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Are there any good literacy programs for deaf learners

A teacher from Minnesota recently asked me if there were literacy programs/curriculums for deaf learners.  I did not have an answer for her and decided to reach out to the LINCS community and see what suggestions came my way.  If you have any ideas or suggestions for myself or this teacher, I would appreciate it.



Di Baycich's picture
One hundred

I don't have information about specific programs but I can share a link to some resources for teachers. The site has not been updated in a while so some of the resource links may be inactive but the information was put together by a deaf grad assistant.

Hope this helps.

Marie Cora's picture
One hundred

Hi Dorjan,

When I was director of a pretty large literacy program in Providence RI we had what was then the only Deaf Lit Program in the country - it was staffed by all deaf/hard of hearing professionals (including the program coordinator) who team taught the classes.  Classes were taught in ASL.  Classes were held on the Brown University campus (which was one of several reasons why the retention rate was 100% - students were extremely proud to be able to say their education program was at such a prestigious campus).  It was run out of the Swearer Center for Public Service at Brown - 

25 George Street, Providence, 02912  (401) 863-2338

I actually do not know if that program is still running but you should contact the Swearer Center to find out if they still have it.  There were lots of materials developed for the program, so hopefully those resources are still available.  Also, another person to ask would be Janet Isserlis, who works at the Adult Ed PD center in RI, which is now at RI College:  She may have some current info on the program.

This resource is from Gallaudet - and I'm sure they would be able to provide tons of info and other resources:

This is from our neighbor to the north:

In the meantime, here is a discussion that occured on the LINCS LD discussion list from 2006 - dated but probably still good info and hopefully some other leads.

Hope this is helpful!!


Marie Cora's picture
One hundred

I said the program was staffed by deaf or hard of hearing professionals - by that I mean that all staff had jobs in other areas, they were not necessarily teachers.  But we all worked together to develop the teaching/learning process for the program.

And also:  the program coordinator once told me that the single most important and effective way for deaf/hard of hearing folks to learn to write was:  read, read, read.  So they did tons of reading, discussed what was read along with analyze how things were written, and then they wrote, wrote, wrote.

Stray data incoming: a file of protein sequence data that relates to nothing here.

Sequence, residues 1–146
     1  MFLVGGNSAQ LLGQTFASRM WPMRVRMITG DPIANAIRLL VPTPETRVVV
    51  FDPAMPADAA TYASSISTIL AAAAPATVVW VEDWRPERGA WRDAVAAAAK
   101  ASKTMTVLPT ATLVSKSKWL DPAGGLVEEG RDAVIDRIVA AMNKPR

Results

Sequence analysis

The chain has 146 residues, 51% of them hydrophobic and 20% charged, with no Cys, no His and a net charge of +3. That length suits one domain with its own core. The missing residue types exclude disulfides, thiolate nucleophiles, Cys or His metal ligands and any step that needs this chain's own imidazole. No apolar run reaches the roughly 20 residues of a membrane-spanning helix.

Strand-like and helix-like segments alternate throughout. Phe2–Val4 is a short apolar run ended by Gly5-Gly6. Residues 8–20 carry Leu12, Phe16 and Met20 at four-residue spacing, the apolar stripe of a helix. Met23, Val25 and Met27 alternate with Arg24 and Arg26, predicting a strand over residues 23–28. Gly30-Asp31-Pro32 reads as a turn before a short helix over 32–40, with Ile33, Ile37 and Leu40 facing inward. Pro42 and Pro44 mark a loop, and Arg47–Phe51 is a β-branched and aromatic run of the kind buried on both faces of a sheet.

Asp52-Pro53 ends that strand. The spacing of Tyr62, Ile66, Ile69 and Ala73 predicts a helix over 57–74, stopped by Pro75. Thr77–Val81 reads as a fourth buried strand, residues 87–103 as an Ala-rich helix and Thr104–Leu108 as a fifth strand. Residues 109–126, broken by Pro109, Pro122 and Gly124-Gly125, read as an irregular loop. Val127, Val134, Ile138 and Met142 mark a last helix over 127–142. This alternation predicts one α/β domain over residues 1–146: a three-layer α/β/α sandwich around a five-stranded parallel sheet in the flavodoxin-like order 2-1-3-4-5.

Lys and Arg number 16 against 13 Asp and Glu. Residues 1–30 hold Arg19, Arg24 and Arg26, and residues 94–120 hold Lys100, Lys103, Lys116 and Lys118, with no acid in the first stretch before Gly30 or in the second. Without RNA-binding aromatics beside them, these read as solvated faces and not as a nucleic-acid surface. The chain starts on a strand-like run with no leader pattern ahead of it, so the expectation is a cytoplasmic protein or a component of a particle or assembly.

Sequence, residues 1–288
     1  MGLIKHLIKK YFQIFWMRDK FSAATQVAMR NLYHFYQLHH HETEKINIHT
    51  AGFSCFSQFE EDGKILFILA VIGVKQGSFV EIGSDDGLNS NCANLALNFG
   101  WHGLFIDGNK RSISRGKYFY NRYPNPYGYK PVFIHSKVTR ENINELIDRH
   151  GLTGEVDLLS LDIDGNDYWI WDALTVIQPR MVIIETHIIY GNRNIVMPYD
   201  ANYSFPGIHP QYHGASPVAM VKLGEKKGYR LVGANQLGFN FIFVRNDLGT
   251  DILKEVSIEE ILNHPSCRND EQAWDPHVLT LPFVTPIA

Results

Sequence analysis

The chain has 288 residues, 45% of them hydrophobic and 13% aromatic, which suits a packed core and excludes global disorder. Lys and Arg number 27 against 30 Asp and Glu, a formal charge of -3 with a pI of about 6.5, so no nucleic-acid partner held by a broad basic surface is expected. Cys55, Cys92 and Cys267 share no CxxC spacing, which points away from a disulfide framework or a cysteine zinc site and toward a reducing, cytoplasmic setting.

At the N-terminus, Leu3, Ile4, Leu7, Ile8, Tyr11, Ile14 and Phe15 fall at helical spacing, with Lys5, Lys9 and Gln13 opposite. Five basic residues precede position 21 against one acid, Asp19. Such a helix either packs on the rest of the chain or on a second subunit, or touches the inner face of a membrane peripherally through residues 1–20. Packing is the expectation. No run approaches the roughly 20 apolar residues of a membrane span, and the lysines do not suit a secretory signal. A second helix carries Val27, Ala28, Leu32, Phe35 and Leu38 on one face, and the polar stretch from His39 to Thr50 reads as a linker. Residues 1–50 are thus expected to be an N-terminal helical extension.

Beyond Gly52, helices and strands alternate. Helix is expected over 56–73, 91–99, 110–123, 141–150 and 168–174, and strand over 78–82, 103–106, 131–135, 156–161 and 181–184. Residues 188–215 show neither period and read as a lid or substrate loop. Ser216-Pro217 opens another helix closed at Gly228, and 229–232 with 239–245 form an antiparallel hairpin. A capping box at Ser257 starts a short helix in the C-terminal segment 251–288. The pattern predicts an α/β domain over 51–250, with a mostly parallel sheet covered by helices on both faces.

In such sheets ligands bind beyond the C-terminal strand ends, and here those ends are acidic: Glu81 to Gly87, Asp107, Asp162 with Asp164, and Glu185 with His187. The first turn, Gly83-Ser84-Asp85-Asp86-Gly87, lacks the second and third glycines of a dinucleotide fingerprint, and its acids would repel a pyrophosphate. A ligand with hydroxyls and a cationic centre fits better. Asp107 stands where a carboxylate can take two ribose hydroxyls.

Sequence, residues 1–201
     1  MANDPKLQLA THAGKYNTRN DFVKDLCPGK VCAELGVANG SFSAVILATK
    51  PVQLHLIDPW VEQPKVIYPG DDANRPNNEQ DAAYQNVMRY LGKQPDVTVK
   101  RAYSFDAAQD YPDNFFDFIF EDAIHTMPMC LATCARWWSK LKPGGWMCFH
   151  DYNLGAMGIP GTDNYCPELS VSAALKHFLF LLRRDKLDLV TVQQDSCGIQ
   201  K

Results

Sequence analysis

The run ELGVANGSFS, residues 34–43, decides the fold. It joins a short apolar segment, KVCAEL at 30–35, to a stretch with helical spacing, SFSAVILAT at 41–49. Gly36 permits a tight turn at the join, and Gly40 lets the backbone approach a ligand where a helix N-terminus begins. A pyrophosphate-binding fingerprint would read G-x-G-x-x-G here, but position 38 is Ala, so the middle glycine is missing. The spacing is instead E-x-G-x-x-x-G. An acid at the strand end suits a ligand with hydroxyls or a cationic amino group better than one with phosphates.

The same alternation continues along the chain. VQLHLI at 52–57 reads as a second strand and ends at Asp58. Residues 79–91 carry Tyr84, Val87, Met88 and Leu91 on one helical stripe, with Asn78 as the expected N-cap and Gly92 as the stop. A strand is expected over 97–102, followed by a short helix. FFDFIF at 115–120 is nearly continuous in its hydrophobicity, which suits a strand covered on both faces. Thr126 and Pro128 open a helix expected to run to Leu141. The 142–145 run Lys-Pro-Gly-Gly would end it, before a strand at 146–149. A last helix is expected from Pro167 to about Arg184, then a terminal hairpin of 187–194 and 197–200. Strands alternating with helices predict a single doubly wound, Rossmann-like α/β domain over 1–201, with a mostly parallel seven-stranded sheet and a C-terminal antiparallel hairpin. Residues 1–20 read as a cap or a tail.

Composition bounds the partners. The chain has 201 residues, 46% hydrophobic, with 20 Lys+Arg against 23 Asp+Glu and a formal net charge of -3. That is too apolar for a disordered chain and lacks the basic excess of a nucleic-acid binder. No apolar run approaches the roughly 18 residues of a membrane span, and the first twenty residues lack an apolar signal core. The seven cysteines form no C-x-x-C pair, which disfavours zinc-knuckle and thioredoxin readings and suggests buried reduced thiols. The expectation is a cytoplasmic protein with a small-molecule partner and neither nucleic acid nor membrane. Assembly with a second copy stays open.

Dorjan Chaney's picture

I appreciate the feedback.  I believe that the Minnesota teacher will be in a much better place with these resources. It should give her a good place to start.

Thank you both,


andresmuro's picture

That is a very difficult question to ask. Deaf learners use various languages and it depends on upbringing, philosophy, exposure, and political views  that they may use one or more languages. Some of the languages include home-signs (for those who were never exposed to a formal system). Then, there is American Sign Language (ASL) and Straight English. There is also lip reading and vocalization. It also depends if they were born deaf or became deaf. There are also competing theories regarding learning ASL vs Straight English. The most acceptable model is for learners to acquire ASL, before they move into SE. Many Deaf are against the use of lip reading or vocalization or any other devices or medical interventions to allow the Deaf to be able to listen to sounds. Others who grew up associating mostly with hearing people, mostly lip read, vocalize and use SE. It is a very controversial issue. 

ASL, is purely a visual, expressive ruled language. It is not phonetic or alphabetic. It doesn't have prepositions, verb conjugations, diacritical marks, etc. It  also requires that the receptive side looks at the expressions and emotions of the expressive side. Transitioning from ASL to SE is tough and for those with limited literacy, who weren't exposed to ASL, they may have to move from home signs, to ASL and then to SE. 

My suggestion, is that your acquaintance reads as much a possible about the Deaf. Gallaudet, was founded in the 1800s is the first university dedicated only to the Deaf. I suggest that your friend visits their website. 

Hope this helps,






Dahlia's picture

Hi there,

By coincidence I happened to visit Gallaudet University yesterday and met with a group of researchers.  They do have a focus on deaf literacy--for children and adults--as well as a focus on transitioning deaf students from HS to college. I'd encourage you to visit the Gallaudet Research Institute page ( They are compiling an online database of their research that is searchable. In addition, you can check out the Rochester Institute of Technology's research center ( I believe they team up with University of Rochester and other groups to conduct participatory action research around health care needs of deaf patients and consumers.

Best, Dahlia